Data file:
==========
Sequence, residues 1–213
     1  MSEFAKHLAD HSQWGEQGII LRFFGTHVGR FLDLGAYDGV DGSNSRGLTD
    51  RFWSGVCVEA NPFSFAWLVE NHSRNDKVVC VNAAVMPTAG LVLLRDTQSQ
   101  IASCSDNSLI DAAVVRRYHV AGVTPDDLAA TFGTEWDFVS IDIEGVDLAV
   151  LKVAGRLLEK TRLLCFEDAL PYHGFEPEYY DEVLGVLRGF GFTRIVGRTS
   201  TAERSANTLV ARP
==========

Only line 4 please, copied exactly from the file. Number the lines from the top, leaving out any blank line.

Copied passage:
   101  IASCSDNSLI DAAVVRRYHV AGVTPDDLAA TFGTEWDFVS IDIEGVDLAV